Role of a REIT

They are also particularly attractive during difficult economic periods such as, since 2008. They are more convenient proxies for physical property. For that reason, special tax benefits are showered on them.

But, as was seen during the last GFC, to perform true to form they should also display all their other attributes, i.e. a high degree of transparency, low borrowings, professional property management and the comfort that comes from a high degree of regulatory oversight.

REITs have also to display their ability as a sector, and as individual REITs, to ameliorate its greatest weakness i.e. its dependency on short term financing due to the requirement for it to distribute almost all its earnings, yearly.

During the days of easy money before the GFC, cheap financing was not a major issue, but it now is.

As a quid pro quo for favourable tax incentives, REITs are obliged to promote retail investors, apart from institutional investors, to participate in the REIT.

This will meet the regulators objective of deepening and broadening the capital market, and set the foundation for sophisticated products in the future such as the establishment of a property derivatives market.

Retail investors would also have tenancies that come with considerable visibility. REIT managers should provide information as this is the key driver of REIT proposition and not hide behind the guise of protectionism against competition.

The residential sector of the market, viewed from the perspective of the country as a whole, is fundamentally sound.

Losing balance

In the Klang Valley, where residential properties are generally 4 to 5 times annual household income, certain hotspots have elevated this ratio in recent years. Household income in the Klang Valley is about RM6,000 a month.

While house prices have increased, household income has not. Set against property prices, rental yield has dropped over the years, slipping below the critical 3% benchmark.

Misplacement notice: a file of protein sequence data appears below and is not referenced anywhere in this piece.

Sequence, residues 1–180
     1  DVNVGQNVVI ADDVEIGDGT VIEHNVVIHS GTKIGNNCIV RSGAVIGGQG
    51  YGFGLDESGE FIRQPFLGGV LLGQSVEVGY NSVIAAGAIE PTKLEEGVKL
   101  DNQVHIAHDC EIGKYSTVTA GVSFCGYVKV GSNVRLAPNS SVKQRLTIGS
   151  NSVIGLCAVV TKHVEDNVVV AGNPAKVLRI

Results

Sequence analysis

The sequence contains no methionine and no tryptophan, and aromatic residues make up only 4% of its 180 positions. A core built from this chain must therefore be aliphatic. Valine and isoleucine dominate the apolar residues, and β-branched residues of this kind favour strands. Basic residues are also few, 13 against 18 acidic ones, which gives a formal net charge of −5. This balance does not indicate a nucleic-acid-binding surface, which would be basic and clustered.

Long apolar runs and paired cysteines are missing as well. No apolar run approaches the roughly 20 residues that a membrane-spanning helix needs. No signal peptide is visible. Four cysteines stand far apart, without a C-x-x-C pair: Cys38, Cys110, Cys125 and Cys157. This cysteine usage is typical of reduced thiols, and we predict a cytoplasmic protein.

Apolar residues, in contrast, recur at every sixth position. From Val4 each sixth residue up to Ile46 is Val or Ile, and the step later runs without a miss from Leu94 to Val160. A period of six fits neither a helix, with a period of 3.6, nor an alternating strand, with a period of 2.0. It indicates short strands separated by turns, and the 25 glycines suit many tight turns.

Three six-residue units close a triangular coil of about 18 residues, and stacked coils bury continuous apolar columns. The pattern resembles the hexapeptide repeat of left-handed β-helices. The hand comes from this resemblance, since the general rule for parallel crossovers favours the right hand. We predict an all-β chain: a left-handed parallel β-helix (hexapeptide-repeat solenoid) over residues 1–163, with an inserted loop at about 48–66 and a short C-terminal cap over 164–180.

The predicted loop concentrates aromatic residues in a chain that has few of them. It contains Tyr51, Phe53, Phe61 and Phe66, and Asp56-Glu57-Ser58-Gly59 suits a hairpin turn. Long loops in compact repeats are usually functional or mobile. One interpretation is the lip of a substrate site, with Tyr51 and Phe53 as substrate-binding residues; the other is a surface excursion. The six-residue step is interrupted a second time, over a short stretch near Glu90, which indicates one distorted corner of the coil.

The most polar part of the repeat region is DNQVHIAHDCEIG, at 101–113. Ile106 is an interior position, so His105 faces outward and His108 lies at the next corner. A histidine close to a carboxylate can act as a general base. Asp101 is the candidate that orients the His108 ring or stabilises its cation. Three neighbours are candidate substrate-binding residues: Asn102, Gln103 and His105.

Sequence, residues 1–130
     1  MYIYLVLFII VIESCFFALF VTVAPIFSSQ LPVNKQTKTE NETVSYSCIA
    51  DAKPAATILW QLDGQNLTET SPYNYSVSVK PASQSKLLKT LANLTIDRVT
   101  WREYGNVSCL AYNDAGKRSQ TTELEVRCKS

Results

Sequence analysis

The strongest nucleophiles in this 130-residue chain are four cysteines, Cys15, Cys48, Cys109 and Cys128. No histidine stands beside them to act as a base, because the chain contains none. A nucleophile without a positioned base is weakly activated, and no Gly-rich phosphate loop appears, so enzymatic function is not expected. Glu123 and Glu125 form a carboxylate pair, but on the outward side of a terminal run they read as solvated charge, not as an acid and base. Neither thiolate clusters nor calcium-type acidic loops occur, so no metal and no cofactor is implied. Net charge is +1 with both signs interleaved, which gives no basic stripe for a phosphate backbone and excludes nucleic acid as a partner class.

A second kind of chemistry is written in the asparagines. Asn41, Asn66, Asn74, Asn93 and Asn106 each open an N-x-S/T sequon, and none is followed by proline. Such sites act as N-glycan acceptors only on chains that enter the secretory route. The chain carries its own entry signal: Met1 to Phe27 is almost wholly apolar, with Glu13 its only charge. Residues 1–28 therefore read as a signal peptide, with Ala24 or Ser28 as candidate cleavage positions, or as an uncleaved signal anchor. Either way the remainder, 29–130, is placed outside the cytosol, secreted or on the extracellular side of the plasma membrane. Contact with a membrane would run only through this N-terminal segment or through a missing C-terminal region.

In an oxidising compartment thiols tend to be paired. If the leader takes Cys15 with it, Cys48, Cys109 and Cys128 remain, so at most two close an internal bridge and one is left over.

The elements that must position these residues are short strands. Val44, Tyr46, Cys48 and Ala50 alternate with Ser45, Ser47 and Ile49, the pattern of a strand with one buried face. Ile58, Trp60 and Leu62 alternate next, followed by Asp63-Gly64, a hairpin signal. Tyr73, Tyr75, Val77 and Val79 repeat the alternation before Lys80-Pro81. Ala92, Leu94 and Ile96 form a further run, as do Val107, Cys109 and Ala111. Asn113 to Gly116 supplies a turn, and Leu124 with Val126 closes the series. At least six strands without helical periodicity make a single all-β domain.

This is a cause for concern as yield should range between 3% and 6% (all risks net return) depending on house type and whether landed or strata.

Over the past six months, with the onset of greater volatility in global markets stemming mainly from the European sovereign debt crisis, sentiment has filtered down to the residential market in Kuala Lumpur.

Coupled with tightening measures by Bank Negara for loans, the market has slowed and demand has become subdued. It is hoped that this has taken some heat out of the speculative end of the market.

Keeping a look out

Going forward, into 2012, the issues that bear watching for the property market in Malaysia, are the continuing European debt crisis and the sluggish US economy and its effects on the global economy and the possible slowing of the Asian behemoths, China and India (which have regional implications).

There is also the possible General Elections in Malaysia (and its ramifications), the possible introduction of the Goods and Services Tax (affecting in particular house prices, developers and service apartments) and the possible unprecedented legislative introduction of a new, single mode of housing delivery by way of the “build then sell” system (humungous down-the-line implications).

There is a possibility of further tweaking of rules for housing loans (to possibly also contain household debt) and other possible monetary and fiscal measures (may be negative or uplifting for the property market) that may be put in place should the global economy weaken further.

Elvin Fernandez is the MD of property consultancy firm Khong & Jaafar Sdn Bhd.

By The Star